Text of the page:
Back To School: Dealing With The September Dread

Is your child anxious?

No one enjoys the end of a holiday, but a new study has revealed that 50% of children are now “dreading” going back to school in September.

The research, conducted by Explore Learning, showed that 56% of the children questioned would struggle to get back into their routine and 50% were worried about the early mornings.

The Huffington Post UK spoke to psychologist Amanda Gummer at Fundamentally Children about the best way for parents to deal with back to school ‘dread’.

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Is This Real Dread Or Would They Rather Just Be On Holiday?

The first thing parents need to establish is whether this is real dread, which is causing anxiety in their child, or whether your child would just rather still be on holiday: eating ice cream and having no homework. Because, wouldn’t we all prefer that?

Gummer says: “We don’t want parents to jump on the bandwagon of anxiety if that isn’t really the case. It can be quite a fleeting statement for a child to say they are ‘dreading’ something.

“Talk to your child and find out why they are feeling that way.”

Are They Apprehensive About Something In Particular?

“You need to pinpoint exactly what it is about school, because it is rarely the building or the teacher per se,” Gummer said. “It will be something about that scenario - perhaps the lunches, or the classroom, or the work.”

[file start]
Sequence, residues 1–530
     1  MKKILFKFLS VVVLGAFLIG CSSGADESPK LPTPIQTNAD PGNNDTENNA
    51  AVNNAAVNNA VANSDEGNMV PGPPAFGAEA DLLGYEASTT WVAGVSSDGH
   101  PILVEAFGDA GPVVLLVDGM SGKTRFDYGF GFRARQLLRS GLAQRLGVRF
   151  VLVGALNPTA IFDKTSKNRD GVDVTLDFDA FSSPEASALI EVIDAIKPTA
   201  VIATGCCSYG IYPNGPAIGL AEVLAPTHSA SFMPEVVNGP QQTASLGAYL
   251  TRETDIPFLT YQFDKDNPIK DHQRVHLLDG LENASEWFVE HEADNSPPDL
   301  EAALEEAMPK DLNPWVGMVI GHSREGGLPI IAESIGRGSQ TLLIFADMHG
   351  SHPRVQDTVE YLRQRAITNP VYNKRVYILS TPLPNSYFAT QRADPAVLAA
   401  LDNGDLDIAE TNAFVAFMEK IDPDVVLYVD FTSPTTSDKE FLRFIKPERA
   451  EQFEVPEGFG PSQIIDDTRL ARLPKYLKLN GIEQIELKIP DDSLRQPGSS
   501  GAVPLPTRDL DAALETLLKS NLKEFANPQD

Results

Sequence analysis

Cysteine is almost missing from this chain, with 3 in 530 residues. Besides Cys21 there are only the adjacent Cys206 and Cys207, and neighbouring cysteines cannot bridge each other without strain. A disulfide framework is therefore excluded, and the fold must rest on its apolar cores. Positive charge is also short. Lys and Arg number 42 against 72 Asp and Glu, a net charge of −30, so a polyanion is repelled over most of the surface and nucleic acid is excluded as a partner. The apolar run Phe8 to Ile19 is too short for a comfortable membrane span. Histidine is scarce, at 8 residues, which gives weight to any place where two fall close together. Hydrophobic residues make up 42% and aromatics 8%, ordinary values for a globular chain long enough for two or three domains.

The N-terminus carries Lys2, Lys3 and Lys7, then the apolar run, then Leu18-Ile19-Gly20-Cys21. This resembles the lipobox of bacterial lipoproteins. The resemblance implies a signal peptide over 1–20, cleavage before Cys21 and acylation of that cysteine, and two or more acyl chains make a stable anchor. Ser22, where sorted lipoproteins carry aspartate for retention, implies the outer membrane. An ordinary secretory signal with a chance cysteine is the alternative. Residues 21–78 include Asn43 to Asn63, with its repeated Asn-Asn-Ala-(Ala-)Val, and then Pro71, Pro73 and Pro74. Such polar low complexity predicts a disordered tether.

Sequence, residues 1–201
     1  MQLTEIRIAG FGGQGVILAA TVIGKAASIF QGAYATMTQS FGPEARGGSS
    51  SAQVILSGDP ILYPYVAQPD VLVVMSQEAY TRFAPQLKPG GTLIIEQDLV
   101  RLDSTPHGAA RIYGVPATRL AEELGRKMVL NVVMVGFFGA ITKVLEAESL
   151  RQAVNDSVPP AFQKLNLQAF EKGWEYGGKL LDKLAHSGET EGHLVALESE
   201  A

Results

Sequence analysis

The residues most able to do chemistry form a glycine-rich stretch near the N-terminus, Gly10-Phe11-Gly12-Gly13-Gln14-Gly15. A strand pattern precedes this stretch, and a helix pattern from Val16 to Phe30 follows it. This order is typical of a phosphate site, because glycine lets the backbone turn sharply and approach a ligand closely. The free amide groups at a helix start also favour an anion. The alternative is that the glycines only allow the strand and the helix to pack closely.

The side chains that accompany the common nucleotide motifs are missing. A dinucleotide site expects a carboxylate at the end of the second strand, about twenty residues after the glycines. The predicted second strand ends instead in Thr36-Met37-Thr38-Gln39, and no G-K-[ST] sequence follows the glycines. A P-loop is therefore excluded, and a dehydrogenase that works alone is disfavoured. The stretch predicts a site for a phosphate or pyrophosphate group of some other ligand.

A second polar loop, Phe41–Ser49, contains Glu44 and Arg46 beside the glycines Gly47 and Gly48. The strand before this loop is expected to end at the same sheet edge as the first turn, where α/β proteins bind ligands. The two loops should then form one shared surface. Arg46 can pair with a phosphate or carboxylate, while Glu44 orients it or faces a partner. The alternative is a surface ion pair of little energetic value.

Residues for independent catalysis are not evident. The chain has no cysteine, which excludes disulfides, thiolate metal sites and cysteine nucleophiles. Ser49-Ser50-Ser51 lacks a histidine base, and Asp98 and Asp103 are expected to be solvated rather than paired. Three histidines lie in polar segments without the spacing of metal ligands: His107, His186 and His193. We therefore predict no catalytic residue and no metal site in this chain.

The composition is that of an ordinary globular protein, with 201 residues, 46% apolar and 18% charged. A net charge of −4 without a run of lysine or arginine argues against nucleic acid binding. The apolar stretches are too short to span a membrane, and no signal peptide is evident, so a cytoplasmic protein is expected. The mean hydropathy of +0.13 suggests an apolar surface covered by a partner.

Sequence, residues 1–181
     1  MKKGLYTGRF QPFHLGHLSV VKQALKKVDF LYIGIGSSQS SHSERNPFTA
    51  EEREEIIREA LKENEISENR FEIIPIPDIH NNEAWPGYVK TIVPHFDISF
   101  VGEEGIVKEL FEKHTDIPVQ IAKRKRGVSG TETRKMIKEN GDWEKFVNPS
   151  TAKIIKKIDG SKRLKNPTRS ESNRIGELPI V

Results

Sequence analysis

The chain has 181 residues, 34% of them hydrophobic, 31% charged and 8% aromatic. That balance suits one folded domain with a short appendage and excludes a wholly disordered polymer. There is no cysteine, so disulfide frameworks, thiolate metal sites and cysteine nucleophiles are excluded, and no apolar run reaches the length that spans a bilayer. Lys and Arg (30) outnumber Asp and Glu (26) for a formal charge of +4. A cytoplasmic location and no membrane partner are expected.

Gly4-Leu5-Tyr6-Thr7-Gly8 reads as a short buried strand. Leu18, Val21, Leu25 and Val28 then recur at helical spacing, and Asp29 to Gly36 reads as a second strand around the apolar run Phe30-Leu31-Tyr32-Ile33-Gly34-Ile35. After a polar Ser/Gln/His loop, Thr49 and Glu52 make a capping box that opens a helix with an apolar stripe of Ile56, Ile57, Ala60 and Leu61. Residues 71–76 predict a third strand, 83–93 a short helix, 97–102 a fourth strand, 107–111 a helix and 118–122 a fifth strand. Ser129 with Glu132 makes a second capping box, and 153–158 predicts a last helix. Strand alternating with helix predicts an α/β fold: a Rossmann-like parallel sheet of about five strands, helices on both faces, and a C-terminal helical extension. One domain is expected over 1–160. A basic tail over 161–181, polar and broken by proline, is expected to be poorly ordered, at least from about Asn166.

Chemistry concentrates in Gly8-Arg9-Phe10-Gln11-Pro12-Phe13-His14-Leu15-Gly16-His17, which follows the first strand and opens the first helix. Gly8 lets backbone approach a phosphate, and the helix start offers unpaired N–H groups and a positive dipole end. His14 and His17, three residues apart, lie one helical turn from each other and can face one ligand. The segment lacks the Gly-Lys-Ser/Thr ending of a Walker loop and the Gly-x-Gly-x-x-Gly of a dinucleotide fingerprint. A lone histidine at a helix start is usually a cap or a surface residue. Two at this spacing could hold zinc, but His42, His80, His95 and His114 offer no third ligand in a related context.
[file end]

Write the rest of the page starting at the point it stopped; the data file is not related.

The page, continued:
“Objectively this detail can be quite a small thing, but it will build up over the six weeks that they are away from school.”

In this case, Gummer suggests that parents focus on getting to the heart of the matter and working out exactly what is causing it, so you can open up a dialogue with your child and work out a coping strategy.

Now We Know Why They Are Anxious, How Can We Help Before School Starts?

The best way to help in this scenario is to be hands on and proactive in the weeks leading up to the start of term.

Gummer says: “Focus on the positive parts of what they like about school, but be careful not to undermine their anxieties in doing so.”

  • If your child is anxious about making new friends, then get some of their new classmates over to your house before they go back to school.

  • If they are worried about school lunches then make them together, let them pick out a lunch box or their menu for the week.

  • If they are worried about having forgotten everything they learned in the previous year, then get out their old work books and go through some exercises together. Chances are it will all come back quickly anyway.

What Do We Do On The First Day Of School?

Now that you understand exactly what it is that your child is apprehensive about, you will be able to address it during the first days back.

Make sure you have that open dialogue so you can ask them directly about how they are feeling in that first week.

What If They Are Just Worried In General?

Gummer says: “Even if your child doesn’t have the ‘dread’ about a particular part of school, that transition period can be difficult so do something nice and celebrate the milestones together.”

And make sure they know that you are there to listen to them.